SC for Ed, the South Carolina Education Association, the South Carolina School Boards Association and the South Carolina Association of School Administrators have all issued similar statements.
It’s a level of concern Gordon said she’s been hearing from colleagues, many of whom see a virtual model as the “safe alternative.”
“In a non-pandemic world, full-day schooling with face-to-face instruction would clearly be the best option,” she said in an emailed letter to The Island News. “But unfortunately, we are living in a pandemic-stricken world and trying to work our way back to ‘normal.’ We need to make decisions that won’t set us back, but instead push us forward in stopping the spread of this disease.”
While teachers like Gordon have acknowledged the importance of face-to-face instruction, they have also pointed to the challenges and risks of teaching during a pandemic while trying to adhere to health and safety protocols.
What’s more, there are concerns over one’s own health and the health of teachers’ families.
“Teachers are just concerned that they could be placed in a position where they could be affected and those they love could be put in the (same) position,” said Gordon who has an 11-year-old herself.
At an online press conference on Friday, Beaufort County School District officials acknowledged the importance of providing flexible options not only for parents but for teachers as well and a workforce that is already facing potential shortages.
According to the county:
- 366 teachers in the current teacher force are 55 and older;
- 175 are eligible for retirement because of age or years of service;
- 46 percent of the district’s current work force (including all employees) are in a high-risk group themselves or live with or provide care to someone who is at high risk for Covid-19.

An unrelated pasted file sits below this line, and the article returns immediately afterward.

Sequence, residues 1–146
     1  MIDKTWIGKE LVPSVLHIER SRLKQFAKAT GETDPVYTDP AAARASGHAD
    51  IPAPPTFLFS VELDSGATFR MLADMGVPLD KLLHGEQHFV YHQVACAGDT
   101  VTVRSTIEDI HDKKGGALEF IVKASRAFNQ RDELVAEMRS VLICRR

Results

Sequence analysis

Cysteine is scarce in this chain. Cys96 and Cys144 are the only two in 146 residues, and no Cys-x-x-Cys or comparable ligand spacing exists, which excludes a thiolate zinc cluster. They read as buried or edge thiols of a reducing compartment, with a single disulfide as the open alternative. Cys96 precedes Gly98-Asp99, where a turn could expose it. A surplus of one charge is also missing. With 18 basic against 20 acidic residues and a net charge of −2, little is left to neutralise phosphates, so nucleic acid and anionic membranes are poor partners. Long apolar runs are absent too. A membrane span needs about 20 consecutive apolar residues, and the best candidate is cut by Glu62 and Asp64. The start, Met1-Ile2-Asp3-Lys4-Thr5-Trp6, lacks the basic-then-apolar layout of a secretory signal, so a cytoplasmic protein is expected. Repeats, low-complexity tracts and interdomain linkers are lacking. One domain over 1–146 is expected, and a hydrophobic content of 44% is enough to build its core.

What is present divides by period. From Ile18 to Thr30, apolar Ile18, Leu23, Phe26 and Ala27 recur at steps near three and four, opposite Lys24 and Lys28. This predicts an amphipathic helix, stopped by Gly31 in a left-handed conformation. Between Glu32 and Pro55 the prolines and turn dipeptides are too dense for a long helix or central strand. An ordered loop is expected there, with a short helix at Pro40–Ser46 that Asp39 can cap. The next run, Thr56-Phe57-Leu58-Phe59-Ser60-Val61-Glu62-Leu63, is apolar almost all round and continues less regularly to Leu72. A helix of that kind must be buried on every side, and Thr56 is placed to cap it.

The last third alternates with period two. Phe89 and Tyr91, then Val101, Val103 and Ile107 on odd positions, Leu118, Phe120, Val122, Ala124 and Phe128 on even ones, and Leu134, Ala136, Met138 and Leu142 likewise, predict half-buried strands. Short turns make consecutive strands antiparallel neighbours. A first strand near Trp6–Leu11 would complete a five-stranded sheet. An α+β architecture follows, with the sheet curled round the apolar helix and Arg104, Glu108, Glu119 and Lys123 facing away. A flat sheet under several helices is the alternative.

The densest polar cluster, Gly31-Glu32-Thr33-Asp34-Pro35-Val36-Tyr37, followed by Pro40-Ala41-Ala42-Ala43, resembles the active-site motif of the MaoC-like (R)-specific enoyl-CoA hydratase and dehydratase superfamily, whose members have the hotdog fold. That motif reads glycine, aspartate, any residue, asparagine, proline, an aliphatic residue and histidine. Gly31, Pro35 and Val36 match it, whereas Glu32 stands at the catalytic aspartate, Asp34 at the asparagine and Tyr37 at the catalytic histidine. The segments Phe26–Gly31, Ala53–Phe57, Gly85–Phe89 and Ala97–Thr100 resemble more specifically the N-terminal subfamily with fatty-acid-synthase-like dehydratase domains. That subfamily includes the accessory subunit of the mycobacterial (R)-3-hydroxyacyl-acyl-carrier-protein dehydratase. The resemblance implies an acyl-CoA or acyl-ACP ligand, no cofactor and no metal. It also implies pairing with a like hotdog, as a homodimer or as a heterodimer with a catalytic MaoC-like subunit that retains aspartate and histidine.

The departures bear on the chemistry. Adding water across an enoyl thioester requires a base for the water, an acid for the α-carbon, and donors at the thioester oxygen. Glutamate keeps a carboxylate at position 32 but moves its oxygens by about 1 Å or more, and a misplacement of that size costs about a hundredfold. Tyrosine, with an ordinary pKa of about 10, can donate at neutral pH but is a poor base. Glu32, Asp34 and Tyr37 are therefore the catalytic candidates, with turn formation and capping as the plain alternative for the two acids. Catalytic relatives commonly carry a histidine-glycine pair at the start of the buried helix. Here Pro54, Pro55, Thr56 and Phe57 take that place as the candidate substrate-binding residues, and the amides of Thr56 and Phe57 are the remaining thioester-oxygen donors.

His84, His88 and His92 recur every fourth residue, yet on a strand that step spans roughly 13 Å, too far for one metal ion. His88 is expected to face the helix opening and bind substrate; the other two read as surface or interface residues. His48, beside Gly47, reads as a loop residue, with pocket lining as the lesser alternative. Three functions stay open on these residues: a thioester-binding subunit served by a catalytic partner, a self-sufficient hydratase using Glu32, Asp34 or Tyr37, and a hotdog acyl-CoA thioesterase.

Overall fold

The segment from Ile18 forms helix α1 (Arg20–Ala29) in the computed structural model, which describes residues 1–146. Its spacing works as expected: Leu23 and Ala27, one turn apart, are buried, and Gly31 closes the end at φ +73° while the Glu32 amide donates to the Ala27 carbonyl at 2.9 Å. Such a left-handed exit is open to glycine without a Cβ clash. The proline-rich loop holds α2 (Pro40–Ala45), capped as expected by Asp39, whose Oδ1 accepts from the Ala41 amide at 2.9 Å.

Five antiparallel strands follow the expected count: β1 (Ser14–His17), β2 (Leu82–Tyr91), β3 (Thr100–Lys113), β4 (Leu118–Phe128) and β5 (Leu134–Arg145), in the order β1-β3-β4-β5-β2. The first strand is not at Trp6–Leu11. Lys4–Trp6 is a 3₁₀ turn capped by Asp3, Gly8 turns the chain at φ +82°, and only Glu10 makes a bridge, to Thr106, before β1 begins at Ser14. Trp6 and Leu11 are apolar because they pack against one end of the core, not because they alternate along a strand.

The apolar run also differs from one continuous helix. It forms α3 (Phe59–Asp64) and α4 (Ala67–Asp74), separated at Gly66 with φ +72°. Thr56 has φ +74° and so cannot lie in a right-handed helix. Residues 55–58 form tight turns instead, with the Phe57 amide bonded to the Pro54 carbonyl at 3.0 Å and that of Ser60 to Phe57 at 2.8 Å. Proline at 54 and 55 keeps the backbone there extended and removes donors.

Overall, while Gordon felt the district’s plan, released on Friday, was “very comprehensive,” there were still questions as to how the two options would work in conjunction with each other, and what that first week of school will look like.
“Many teachers have asked, who will teach virtual and who will teach face-to-face and what does that even look like to do a hybrid model,” she said, referring to a model the school district would implement if too many parents register for in-person education.
In that model, students would be assigned different days to attend school in an effort to reduce class size, district officials have said.
“I know the district is working really hard at putting that together, but there’s still big question marks,” Gordon said.
Like other teachers across the state, she points to the work conducted by the Department of Education’s AccelerateED Task Force.
The group, comprised of school officials and leaders from around the state, recommended that if a county had a DHEC-reported COVID-19 infection rate of “High,” the instruction provided should be virtual until rates go down.
Beaufort County has consistently rated “High” on those metrics for the last few weeks.
“Let’s trust our state health experts, monitor their data and make sound decisions,” Gordon said when discussing whether to return to in-person education. “Until the data show marked improvement, I will continue to say, ‘Not yet.'”